We must transition to a more sustainable agriculture. We need an Israeli Green Revolution.
Asara B’Teves, the 10th of Teves, commemorates the beginning of the siege of Jerusalem by the Babylonian ruler Nebuchadnezzar that ultimately culminated with the First Temple’s destruction on the 9th of Av the following year.
To lead meaningful Jewish lives, our personal journeys must be actively shaped by the events and populated by the personalities of our peoples’ past.
Ari Fuld uncovers and explores the real miracle and lessons of Chanukah.
Over the years, the World's Largest Menorah has been lit by New York City Mayors Abraham Beame, Ed Koch, David Dinkins, Rudolph Giuliani, Michael Bloomberg and Bill de Blasio – and Governors George Pataki and David Paterson, as well as other dignitaries.
Shmini Atzeres offers a unique opportunity to attach ourselves to God and enjoy this special relationship.
“The whole world is learning that the gentiles can come celebrate the Feast of Tabernacles with the people of Israel,” said spokesman David Parsons of the International Christian Embassy Jerusalem.
Since the lulav’s special quality is expressed in the taste of its fruit (the date), why aren’t we required to take the fruit itself instead of its leaves?
Some people make the blessing over the candles in the sukkah and then bring the candles into the house to avoid the danger of fire. This is a non-kosher practice, however.
Yom Kippur aims at coalescing the entire Jewish public – not just observant Jews - around critical values
Our genetics deal us a set of cards. It remains up to us how to play them.
Sin should be painful, not because of any punishment we’ll receive, says Chassidus, but because it separate us from Hashem.
Although it might not be immediately intuitive, valuing yashan flour will come at the expense of valuing lashon hara.
A few years ago, I realized something that changed the way I look at Tisha B’Av and while I can’t say I look forward to Tisha B’Av I started to focus on what I call “The Tisha B’Av of Today”. I focus on the national tragedies of what is happening right now – and what I can do to prevent them from continuing.
The Jewish national period of mourning.
Today the 28 day of the month of Iyar in 1967- the world changed for every Jew on the face of planet Earth.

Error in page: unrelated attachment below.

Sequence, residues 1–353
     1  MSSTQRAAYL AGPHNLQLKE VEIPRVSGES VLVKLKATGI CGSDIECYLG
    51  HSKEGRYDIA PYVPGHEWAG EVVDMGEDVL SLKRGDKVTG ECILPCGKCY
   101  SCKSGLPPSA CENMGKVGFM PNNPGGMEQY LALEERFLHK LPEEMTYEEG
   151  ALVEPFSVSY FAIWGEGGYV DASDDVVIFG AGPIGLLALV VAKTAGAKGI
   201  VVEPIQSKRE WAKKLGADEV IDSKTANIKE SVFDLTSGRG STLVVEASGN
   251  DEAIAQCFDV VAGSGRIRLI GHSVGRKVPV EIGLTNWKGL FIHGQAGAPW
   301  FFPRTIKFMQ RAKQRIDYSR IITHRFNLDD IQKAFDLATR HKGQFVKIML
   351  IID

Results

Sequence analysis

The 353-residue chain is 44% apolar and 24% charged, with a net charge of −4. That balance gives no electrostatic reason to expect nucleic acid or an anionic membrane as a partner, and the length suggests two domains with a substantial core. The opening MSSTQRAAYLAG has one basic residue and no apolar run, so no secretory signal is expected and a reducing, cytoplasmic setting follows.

Lag B’Omer is a remarkable enigma.
If you've never heard an Arab calling out “alter zachen” (“old things”) in Yiddish, then you've never experienced pre-Passover preparations in Jerusalem. It's part of the clean-up mania that grips the city in the run-up to the holiday.
Surprisingly enough, there are even those who avoid matza over Pesach, eating only the required amount at the Seder.
In some cases, non-Jews joined synagogues to reap the alcoholic benefits of Judaism under Prohibition!
Various great rabbis tried to influence its residents – the place was visited twice by the saintly Rav Kook, zt”l – but it seemed pointless.
Ari Fuld discusses: What are we celebrating on Passover and what are the lessons to be learned?
Rashi, the Rif, and some Ge’onim go even further than the Rambam in their attitude towards mevushal wine; they maintain that it is not even full-fledged wine, and one should make a shehakol – not a hagafen – before drinking it.
It should be emphasized that if an Ashkenazi is in a shul on Seder night that recites Hallel, it is imperative that he or she not show any disrespect to the local custom.
Many of the so-called Western world leaders can also stand in for the false and power-hungry king who had no scruples about participating in the annihilation of millions of Jews.
Much like the leadership of the Zionist Entity today, Haman came up with a dastardly plan to destroy...every living Palestinian.
The Orchos Chayim... writes that full inebriation is certainly prohibited, "and there is no greater sin, as it leads to sexual impropriety, bloodshed, and other sins."
In the phrase I appear to be passive, but a deeper examination reveals that I am the active component: it is my active seeking of your grace that ingratiates me in you.
Many authorities rule that it is preferable to continue the meal after nightfall as a way of acknowledging the semi-festive character of the next day, i.e., Shushan Purim.